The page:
Faith in God is a marginalized and overlooked force in your teen’s life.
In today’s post, I use my personal experience with teens at Shepherds Hill Academy (SHA) to highlight the practical result of your teen having faith in God.
Shepherds Hill Academy is a therapeutic boarding school for teens in crisis. Here, our team leverages a myriad of therapeutic strategies to help teens overcome their particular challenges.
Lasting Change Starts in the Heart
As with any therapeutic boarding school, therapeutic strategies help a troubled teen maintain better behaviors and proper thinking. However, a teen’s adjustment in behavior is not enough to sustain a lasting change in his or her character. There has to be a change in their heart to affect lasting change in their lives now and in the future.
A heart change transcends the mechanical and measurable strategies that can’t be calculated by science. That’s why faith is so often marginalized, not by the science itself, but by the people who put their faith solely in science. Honest scientists know the power of faith.
Without a supernatural spiritual connection to God, a person’s faith might be entirely in science, or therapy, or religion, or self. However, when faith is steered toward the One Entity Who can supernaturally motivate an individual toward proper thinking and living, then something happens that cannot be empirically measured or proven, yet it is observed nonetheless.
It’s called a transformed life. “I once was blind, but now I see.” That’s what our kids and parents are experiencing here at SHA. But, these kids have an entire year insulated from the noise and rush of our depraved culture to determine for themselves if this Jesus Christ fellow really is Who He claims to be.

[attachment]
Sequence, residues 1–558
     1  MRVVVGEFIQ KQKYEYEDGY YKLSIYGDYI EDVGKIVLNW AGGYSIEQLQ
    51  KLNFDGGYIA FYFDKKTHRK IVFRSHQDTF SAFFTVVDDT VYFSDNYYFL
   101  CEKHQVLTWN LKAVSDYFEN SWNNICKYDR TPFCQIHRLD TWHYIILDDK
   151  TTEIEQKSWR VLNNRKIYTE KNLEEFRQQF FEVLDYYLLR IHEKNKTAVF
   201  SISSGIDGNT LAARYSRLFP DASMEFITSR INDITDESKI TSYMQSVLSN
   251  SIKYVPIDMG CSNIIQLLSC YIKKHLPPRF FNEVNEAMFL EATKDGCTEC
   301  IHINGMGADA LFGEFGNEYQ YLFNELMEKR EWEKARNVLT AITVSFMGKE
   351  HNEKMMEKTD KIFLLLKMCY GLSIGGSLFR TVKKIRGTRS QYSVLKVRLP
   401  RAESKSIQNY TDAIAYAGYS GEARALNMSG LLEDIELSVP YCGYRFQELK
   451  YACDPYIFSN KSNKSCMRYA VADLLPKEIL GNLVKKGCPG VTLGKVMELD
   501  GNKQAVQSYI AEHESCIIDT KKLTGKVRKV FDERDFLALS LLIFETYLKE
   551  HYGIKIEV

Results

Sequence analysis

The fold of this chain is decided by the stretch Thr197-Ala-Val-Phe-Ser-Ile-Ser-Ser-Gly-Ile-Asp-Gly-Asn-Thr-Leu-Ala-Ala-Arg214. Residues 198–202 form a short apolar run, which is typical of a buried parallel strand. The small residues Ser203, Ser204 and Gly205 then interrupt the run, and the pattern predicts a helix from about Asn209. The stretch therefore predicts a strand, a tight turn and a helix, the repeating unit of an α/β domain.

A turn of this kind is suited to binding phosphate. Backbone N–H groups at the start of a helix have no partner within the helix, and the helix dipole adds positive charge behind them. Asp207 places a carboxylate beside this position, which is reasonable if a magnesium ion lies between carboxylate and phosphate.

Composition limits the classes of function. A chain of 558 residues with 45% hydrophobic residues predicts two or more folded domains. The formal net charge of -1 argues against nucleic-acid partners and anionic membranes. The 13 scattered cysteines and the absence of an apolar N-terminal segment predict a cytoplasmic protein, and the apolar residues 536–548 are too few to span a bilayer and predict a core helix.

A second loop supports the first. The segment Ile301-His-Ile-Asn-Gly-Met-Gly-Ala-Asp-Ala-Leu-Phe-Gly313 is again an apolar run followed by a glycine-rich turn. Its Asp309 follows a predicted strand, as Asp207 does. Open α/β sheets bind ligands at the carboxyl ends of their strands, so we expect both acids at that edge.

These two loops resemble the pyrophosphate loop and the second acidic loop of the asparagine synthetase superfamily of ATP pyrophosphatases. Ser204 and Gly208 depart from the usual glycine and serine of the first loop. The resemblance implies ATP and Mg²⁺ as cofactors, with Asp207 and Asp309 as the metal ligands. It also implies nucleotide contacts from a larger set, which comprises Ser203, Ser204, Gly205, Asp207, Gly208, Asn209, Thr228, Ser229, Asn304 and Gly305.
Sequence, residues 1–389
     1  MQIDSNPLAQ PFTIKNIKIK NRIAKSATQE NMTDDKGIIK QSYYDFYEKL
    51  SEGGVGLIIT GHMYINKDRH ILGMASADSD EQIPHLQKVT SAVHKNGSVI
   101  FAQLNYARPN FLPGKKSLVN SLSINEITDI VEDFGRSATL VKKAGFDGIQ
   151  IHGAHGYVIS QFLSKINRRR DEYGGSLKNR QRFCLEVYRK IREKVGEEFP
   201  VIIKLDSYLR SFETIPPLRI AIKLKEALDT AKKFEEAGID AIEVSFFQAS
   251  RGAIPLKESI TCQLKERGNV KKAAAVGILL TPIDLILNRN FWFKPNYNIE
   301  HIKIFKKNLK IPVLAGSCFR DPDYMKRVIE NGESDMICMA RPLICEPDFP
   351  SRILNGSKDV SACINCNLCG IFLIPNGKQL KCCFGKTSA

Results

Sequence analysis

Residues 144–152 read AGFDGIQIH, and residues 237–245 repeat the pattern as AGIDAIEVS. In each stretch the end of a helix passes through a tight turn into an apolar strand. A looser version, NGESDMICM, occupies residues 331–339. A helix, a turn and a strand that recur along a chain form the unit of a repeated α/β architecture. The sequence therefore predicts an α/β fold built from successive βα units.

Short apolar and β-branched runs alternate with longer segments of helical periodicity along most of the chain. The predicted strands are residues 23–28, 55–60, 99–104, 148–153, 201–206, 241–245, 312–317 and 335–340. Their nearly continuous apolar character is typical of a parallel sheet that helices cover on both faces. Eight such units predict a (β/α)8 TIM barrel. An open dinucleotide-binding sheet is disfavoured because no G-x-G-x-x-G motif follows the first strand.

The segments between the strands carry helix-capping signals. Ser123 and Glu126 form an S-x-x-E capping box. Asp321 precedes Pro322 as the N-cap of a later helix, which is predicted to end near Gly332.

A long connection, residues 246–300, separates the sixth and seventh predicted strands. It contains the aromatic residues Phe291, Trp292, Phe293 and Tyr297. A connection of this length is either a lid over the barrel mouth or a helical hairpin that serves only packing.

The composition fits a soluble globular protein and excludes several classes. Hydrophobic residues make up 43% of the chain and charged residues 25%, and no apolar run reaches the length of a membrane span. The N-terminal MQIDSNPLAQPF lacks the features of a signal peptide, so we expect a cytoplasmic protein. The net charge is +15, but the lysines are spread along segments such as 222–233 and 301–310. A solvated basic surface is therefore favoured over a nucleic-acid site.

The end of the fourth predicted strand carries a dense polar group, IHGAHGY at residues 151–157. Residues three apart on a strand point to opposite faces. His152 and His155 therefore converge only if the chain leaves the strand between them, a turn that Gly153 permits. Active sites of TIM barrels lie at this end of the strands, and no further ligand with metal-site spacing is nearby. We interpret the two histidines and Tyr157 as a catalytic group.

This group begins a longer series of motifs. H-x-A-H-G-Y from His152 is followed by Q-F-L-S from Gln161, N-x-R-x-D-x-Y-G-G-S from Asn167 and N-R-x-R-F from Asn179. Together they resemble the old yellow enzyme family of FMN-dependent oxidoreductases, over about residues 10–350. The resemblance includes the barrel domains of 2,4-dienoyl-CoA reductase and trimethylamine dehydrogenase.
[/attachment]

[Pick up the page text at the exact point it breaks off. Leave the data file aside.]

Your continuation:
The Problem with Religion
Faith should never be forced down anyone’s throat. That’s what religious fanatics can too often be guilty of doing. But, religion—as so many people now think of it—is not what we’re talking about here. We’re talking about a relationship with the God of the universe. He is the ultimate agent of change in these kids here at SHA. These kids are having the soil of their hearts cultivated, so that the seed of God’s Holy Spirit has a place to take root and bear fruit. It’s that supernatural power of “faith in God” that transcends the mere mechanical therapeutic strategies that so many mental health professionals—and too many Christian parents—are putting their faith in today.
The kids at SHA have been given a chance at becoming lighthouses not only to to their families, but to our entire culture. So, we’re not seeing more lukewarm microcosms of our culture, but change agents to it. In Matthew 28, Jesus told us to make disciples—not converts. That is the great commission.
Picture provided by: Hamed Al-Raisi